A number of studies showed that deep brain stimulation (DBS) can modulate the activity in the epileptic brain and that a decrease of seizures can be achieved in 'responding' patients. In most of these studies, the choice of stimulation parameters is critical to obtain desired clinical effects. In particular, the stimulation frequency is a key parameter that is difficult to tune. A reason is that our knowledge about the frequency-dependant mechanisms according to which DBS indirectly impacts the dynamics of pathological neuronal systems located in the neocortex is still limited. We address this issue using both computational modeling and intracerebral EEG (iEEG) data. We developed a macroscopic (neural mass) model of the thalamocortical network. In line with already-existing models, it includes interconnected neocortical pyramidal cells and interneurons, thalamocortical cells and reticular neurons. The novelty was to introduce, in the thalamic compartment, the biophysical effects of direct stimulation. Regarding clinical data, we used a quite unique data set recorded in a patient (drug-resistant epilepsy) with a focal cortical dysplasia (FCD). In this patient, DBS strongly reduced the sustained epileptic activity of the FCD for low-frequency (LFS, < 2 Hz) and high-frequency stimulation (HFS, > 70 Hz) while intermediate-frequency stimulation (IFS, around 50 Hz) had no effect. Signal processing, clustering and optimization techniques allowed us to identify the necessary conditions for reproducing, in the model, the observed frequency-dependent stimulation effects. Key elements which explain the suppression of epileptic activity in the FCD include a) feed-forward inhibition and synaptic short-term depression of thalamocortical connections at LFS, and b) inhibition of the thalamic output at HFS. Conversely, modeling results indicate that IFS favors thalamic oscillations and entrains epileptic dynamics. © 2013 Mina, Benquet, Pasnicu, Biraben and Wendling.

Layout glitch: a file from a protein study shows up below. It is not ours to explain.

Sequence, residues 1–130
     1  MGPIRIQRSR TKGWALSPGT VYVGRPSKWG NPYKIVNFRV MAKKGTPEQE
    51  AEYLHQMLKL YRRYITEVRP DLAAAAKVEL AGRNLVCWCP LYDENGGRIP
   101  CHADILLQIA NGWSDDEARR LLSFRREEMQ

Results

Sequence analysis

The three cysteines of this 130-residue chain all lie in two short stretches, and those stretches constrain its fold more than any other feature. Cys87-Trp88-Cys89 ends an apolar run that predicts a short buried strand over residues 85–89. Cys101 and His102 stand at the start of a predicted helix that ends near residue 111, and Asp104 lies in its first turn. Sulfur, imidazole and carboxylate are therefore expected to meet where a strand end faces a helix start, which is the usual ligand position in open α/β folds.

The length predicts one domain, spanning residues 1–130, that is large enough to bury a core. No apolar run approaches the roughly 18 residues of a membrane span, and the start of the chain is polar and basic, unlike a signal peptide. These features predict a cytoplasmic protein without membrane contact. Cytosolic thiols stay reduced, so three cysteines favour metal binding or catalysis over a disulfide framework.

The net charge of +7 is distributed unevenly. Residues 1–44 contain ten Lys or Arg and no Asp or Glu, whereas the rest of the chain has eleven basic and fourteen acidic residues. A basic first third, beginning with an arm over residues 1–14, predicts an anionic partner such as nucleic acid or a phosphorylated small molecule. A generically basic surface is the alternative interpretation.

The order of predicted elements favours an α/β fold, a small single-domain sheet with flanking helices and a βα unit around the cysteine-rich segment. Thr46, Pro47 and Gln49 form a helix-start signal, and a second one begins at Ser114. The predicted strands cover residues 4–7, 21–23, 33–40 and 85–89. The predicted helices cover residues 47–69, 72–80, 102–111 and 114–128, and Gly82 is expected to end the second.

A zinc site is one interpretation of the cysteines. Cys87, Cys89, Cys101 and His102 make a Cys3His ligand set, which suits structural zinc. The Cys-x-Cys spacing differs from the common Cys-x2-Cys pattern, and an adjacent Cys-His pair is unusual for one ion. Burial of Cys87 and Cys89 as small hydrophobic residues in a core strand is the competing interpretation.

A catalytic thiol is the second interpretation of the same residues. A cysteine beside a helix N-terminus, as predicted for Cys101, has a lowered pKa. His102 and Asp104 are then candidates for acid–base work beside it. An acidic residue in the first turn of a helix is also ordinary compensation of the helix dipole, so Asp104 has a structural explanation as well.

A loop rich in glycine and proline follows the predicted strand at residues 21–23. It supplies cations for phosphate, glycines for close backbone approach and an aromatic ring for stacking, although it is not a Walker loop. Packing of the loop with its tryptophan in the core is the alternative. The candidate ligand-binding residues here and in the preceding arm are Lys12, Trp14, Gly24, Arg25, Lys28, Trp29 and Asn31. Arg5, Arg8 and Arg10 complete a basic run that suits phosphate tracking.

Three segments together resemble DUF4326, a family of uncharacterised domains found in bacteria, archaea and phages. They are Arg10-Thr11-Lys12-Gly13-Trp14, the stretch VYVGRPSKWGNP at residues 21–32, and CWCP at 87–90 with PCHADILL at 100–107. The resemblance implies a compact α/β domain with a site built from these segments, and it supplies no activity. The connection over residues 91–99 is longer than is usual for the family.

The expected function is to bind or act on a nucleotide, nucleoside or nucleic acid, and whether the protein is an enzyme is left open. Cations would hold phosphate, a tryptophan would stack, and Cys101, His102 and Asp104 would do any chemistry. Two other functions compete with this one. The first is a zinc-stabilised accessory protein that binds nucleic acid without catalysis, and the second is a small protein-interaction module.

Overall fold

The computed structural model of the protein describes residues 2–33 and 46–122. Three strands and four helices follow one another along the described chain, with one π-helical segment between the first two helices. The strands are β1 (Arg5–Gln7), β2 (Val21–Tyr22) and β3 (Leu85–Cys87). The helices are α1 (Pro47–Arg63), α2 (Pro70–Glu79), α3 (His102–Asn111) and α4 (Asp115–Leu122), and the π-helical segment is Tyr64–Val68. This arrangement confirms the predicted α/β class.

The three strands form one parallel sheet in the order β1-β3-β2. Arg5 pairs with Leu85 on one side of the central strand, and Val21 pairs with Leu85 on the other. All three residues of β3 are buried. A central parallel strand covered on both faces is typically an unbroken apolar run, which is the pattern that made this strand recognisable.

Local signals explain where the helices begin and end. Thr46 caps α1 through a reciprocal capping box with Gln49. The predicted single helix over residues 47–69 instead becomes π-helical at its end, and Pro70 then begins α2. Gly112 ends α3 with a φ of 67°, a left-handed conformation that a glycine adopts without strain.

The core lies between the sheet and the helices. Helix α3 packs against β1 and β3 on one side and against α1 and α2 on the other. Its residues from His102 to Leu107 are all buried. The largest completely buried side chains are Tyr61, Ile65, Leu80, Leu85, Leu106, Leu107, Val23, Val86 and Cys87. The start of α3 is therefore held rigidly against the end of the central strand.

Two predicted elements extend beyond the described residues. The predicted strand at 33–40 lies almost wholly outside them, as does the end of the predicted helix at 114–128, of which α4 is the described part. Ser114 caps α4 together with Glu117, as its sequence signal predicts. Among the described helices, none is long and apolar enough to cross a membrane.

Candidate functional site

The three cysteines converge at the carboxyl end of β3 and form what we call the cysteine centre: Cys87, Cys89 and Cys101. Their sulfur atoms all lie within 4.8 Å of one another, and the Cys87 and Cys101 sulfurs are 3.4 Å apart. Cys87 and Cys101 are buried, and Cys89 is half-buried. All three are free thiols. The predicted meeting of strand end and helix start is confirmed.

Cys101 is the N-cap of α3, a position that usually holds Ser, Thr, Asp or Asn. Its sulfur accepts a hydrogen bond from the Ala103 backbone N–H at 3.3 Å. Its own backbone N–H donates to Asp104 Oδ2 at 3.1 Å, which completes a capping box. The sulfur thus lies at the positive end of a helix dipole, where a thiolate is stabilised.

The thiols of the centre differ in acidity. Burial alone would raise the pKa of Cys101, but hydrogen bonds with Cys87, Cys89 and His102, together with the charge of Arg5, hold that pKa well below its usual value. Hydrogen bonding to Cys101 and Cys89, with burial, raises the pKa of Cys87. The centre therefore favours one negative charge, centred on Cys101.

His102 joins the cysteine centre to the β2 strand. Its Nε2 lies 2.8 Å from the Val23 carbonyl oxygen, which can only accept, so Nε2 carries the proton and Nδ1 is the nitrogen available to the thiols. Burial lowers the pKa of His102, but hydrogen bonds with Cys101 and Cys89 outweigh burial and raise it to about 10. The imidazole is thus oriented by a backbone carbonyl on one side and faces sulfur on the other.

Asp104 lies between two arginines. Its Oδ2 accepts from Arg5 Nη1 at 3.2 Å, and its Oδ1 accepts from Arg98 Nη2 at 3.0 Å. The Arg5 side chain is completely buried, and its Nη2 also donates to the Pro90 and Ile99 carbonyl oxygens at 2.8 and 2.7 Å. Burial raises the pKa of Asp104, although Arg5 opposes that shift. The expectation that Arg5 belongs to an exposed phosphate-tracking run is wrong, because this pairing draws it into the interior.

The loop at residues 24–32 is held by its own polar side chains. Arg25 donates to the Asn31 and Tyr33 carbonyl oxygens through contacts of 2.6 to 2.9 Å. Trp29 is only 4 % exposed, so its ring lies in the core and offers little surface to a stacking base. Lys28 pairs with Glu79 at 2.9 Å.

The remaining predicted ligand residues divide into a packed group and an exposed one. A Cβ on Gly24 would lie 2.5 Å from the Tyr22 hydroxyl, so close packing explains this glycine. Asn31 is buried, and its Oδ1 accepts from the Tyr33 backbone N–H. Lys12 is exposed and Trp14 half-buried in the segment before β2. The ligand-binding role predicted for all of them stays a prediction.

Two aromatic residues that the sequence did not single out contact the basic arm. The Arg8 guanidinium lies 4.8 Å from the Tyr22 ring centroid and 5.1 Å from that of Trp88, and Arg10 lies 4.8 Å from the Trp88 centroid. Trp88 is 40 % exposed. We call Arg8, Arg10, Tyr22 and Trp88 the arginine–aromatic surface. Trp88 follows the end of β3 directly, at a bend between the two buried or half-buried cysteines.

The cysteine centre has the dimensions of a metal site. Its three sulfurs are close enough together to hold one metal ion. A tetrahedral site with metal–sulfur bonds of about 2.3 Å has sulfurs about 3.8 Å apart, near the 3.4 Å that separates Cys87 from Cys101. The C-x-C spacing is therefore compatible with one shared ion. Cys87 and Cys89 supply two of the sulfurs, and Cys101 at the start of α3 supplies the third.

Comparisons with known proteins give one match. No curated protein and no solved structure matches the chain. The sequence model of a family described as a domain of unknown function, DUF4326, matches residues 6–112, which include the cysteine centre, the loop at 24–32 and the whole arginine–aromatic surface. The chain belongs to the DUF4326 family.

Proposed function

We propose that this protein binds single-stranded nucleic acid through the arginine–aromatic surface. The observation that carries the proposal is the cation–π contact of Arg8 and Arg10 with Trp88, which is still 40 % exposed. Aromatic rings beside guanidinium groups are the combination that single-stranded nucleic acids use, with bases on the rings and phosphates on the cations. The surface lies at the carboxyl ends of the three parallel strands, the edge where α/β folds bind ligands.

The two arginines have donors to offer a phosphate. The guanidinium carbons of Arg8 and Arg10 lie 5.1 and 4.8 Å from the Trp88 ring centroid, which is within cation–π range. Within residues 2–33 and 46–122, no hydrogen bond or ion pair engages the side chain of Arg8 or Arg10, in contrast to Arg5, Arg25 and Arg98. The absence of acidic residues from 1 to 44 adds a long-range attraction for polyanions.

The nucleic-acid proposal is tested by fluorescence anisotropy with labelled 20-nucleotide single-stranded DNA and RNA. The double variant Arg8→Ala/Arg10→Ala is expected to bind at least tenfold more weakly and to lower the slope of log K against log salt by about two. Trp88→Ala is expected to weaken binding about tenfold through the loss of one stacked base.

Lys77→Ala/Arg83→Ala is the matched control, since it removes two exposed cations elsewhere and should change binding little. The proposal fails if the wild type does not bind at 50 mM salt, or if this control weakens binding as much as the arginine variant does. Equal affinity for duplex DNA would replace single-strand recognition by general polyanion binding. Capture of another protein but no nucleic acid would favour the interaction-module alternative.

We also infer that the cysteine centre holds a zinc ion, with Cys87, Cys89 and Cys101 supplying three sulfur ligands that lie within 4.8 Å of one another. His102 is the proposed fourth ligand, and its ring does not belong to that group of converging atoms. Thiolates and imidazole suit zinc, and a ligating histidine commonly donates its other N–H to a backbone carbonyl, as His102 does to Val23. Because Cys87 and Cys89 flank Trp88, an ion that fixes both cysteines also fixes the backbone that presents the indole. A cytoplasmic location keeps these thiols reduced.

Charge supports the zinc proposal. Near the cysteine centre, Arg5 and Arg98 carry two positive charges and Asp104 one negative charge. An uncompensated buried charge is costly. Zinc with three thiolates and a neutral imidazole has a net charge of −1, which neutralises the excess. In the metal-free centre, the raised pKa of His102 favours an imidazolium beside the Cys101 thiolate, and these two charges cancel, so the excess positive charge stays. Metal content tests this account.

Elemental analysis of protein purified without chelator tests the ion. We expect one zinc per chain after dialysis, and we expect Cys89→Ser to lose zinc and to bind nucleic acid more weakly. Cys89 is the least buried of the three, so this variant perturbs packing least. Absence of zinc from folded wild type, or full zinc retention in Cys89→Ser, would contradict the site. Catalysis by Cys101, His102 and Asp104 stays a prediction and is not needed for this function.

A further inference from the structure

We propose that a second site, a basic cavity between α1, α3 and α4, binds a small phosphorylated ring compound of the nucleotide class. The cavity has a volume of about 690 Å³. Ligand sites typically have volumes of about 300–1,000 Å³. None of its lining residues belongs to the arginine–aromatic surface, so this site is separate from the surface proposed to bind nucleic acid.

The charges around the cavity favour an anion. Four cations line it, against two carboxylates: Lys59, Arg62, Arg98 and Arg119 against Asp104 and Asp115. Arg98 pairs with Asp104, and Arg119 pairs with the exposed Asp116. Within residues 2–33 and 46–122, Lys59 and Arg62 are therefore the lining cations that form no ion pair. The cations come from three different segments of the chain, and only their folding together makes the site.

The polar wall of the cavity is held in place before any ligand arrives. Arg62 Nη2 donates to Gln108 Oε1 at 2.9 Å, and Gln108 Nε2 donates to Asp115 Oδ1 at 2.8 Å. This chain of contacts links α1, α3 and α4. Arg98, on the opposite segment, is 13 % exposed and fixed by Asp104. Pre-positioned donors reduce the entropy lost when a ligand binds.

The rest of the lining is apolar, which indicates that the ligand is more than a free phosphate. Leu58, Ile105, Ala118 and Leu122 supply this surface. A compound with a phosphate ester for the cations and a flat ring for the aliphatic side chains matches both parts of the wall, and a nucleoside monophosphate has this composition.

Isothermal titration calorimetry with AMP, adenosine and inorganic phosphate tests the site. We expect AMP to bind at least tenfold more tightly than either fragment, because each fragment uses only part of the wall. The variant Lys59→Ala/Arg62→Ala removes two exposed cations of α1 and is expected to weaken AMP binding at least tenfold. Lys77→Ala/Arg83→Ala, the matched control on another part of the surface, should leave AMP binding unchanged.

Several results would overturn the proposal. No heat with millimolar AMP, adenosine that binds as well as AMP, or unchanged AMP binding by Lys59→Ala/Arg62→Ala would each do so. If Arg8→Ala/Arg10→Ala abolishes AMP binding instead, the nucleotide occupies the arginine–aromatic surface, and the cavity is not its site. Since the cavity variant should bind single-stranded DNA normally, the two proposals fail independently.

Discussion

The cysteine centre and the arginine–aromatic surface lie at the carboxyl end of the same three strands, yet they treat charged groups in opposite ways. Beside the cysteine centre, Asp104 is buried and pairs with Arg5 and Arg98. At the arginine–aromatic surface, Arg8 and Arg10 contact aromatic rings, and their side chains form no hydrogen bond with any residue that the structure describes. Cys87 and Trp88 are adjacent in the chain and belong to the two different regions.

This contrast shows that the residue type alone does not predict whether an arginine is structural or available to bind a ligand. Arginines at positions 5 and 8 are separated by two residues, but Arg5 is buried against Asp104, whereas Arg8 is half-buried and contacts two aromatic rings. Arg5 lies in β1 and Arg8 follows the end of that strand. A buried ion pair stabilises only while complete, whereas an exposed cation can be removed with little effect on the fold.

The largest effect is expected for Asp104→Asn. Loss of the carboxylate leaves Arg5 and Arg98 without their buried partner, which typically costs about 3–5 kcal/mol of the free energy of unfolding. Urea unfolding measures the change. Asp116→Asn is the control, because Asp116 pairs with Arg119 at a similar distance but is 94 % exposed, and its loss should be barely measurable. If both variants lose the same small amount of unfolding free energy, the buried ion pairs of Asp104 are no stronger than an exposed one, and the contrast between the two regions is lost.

Mina, F., Benquet, P., Pasnicu, A., Biraben, A., & Wendling, F. (2013). Modulation of epileptic activity by deep brain stimulation: A model-based study of frequency-dependent effects. Frontiers in Computational Neuroscience, (JUN). https://doi.org/10.3389/fncom.2013.00094